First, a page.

GREENVILLE, SC (FOX Carolina) – Frontline workers at area hospitals aren’t the only health advocates. More nonprofits have also found themselves on the front lines. And millions of dollars in grants are going to nearly a dozen nonprofit agencies here in the Upstate, improving the social determinants of health.
It’s the end of the lunch rush at the Connection Café at Roper Mountain Science Center, and 20-year-old Joseph Zambrano isn’t slowing down just yet. His mother, Nea, is his number one client and recognizes his desire to become ServSafe certified.
“Just knowing that he’s going to be able to go out and work and live and make a living and pay his bills — it’s a wonderful opportunity,” Nea Zambrano said.
She cites the Center for Developmental Services for providing Joe with network support, resources and skills.
“It’s because of our past with CDS,” Zambrano said.
Her son, Joe, was born with Down syndrome and has worked with the Center for Developmental Services for about 12 years.
“Over the years at Kidnetics and the Center for Developmental Services we’ve done physical therapy with cooking classes,” Zambrano said. “We also did group speaking and occupational therapy.”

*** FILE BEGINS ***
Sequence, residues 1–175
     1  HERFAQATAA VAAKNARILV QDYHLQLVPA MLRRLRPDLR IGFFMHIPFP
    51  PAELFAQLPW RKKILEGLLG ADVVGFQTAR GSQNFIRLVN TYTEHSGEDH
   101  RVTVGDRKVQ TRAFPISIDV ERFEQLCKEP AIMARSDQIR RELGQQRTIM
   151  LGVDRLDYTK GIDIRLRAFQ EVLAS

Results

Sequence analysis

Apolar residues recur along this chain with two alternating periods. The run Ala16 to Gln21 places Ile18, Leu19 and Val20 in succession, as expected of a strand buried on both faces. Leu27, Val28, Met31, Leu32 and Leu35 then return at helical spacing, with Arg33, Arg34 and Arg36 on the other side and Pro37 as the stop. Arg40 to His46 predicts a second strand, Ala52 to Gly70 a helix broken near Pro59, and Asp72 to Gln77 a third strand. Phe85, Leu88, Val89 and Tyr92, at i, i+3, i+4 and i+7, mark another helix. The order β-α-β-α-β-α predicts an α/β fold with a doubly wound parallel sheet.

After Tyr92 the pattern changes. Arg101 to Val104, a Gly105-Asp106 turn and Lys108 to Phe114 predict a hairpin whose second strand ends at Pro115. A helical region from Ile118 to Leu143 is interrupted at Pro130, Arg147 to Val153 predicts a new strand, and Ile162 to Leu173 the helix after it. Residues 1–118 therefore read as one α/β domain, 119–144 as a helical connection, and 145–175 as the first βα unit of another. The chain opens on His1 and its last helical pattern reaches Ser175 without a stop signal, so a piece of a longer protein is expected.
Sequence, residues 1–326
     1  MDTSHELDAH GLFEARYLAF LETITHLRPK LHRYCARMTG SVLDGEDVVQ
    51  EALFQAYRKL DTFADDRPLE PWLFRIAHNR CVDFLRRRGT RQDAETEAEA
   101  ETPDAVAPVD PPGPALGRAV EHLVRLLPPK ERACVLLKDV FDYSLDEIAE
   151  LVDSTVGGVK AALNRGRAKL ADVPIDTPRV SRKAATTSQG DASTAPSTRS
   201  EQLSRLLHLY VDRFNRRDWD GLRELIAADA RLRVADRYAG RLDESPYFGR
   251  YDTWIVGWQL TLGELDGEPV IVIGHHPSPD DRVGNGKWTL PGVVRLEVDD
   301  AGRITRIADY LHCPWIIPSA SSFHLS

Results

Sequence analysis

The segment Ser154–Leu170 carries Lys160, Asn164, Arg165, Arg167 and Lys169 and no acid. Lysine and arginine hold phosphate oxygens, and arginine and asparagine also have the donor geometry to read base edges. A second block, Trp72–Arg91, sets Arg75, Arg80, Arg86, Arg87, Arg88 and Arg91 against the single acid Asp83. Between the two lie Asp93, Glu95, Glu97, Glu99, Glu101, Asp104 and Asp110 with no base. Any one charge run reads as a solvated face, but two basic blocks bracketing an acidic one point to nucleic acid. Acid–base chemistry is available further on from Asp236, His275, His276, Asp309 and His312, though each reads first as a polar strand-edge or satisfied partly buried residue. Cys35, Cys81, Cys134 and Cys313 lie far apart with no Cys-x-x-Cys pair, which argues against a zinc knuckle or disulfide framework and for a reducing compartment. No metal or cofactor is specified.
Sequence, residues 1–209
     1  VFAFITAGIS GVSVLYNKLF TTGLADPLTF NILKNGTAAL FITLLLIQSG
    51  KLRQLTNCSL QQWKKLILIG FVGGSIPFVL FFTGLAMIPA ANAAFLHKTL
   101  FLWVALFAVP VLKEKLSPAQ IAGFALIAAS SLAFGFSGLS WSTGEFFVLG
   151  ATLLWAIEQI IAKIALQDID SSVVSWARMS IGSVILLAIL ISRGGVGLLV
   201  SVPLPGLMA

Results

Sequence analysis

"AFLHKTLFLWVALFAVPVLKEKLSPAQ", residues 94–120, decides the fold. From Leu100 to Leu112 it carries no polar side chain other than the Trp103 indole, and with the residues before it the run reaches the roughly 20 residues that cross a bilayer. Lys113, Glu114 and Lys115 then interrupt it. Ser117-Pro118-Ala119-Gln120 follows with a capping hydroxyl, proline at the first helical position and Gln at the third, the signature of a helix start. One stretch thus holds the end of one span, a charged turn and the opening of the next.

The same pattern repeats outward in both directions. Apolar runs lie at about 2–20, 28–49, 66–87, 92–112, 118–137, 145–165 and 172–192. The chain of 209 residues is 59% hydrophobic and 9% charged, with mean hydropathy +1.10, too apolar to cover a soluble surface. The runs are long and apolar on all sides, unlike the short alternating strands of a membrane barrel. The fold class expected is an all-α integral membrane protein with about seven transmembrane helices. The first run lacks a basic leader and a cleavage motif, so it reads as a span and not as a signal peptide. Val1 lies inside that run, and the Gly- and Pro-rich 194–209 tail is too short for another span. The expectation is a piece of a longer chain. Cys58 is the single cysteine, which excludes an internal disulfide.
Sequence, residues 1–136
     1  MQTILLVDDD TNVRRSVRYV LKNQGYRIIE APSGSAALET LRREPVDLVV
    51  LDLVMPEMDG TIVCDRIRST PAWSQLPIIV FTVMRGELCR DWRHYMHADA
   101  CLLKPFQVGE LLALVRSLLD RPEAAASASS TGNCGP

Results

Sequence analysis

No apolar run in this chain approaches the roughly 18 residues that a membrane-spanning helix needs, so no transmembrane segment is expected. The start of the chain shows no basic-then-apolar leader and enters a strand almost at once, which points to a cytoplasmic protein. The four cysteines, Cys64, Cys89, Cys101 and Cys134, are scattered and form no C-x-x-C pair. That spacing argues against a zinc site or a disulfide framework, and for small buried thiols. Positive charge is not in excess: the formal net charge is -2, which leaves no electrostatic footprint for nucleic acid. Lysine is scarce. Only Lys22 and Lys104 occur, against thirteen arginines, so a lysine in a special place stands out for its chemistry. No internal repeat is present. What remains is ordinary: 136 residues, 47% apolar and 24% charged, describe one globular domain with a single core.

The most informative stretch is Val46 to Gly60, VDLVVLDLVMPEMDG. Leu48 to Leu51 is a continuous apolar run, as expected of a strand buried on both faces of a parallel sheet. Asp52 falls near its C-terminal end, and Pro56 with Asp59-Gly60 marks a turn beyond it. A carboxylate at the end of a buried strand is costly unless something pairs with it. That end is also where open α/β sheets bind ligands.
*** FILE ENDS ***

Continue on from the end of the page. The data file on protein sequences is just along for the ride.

Center for Developmental Services executive director Dana McConnell says each year the center serves 8,000 clients with developmental delays and disabilities. Approximately one thousand who are elderly outside pediatric services can receive case management.
“Adults in case management may need day services, residential services, some jobs and job training,” McConnell said.
It’s this population that McConnell says will reap the benefits of a $553,000 Healthy Greenville grant from the Greenville Health Authority in partnership with Prisma Health. The center will use the money to hire five new case managers over the next three years serving an additional 270 individuals.
“There are individuals who have spina bifida, cerebral palsy, Down syndrome, autism — and those are diagnoses that just don’t go away,” McConnell said. “They will be with that individual for life.”
In total, 11 nonprofit agencies received $5.8 million in Healthy Greenville grants. The chairman of the board, Rev. Stacey Mills says she supports social determinants of health.
“How to help people achieve health in terms of their mental capacity, their quality of life – all these options are not necessarily directly prescribed by a doctor or a doctor,” said Rev. Mills.
Additionally, the money supports the Health Authority’s designation of making Greenville and the Upstate the healthiest place to live in America.
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